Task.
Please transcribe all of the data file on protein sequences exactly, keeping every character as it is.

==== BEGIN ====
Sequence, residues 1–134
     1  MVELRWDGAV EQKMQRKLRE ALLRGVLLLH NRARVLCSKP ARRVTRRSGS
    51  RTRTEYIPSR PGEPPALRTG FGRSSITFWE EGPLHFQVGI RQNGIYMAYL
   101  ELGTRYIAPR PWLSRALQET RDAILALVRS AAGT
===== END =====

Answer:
Sequence, residues 1–134
     1  MVELRWDGAV EQKMQRKLRE ALLRGVLLLH NRARVLCSKP ARRVTRRSGS
    51  RTRTEYIPSR PGEPPALRTG FGRSSITFWE EGPLHFQVGI RQNGIYMAYL
   101  ELGTRYIAPR PWLSRALQET RDAILALVRS AAGT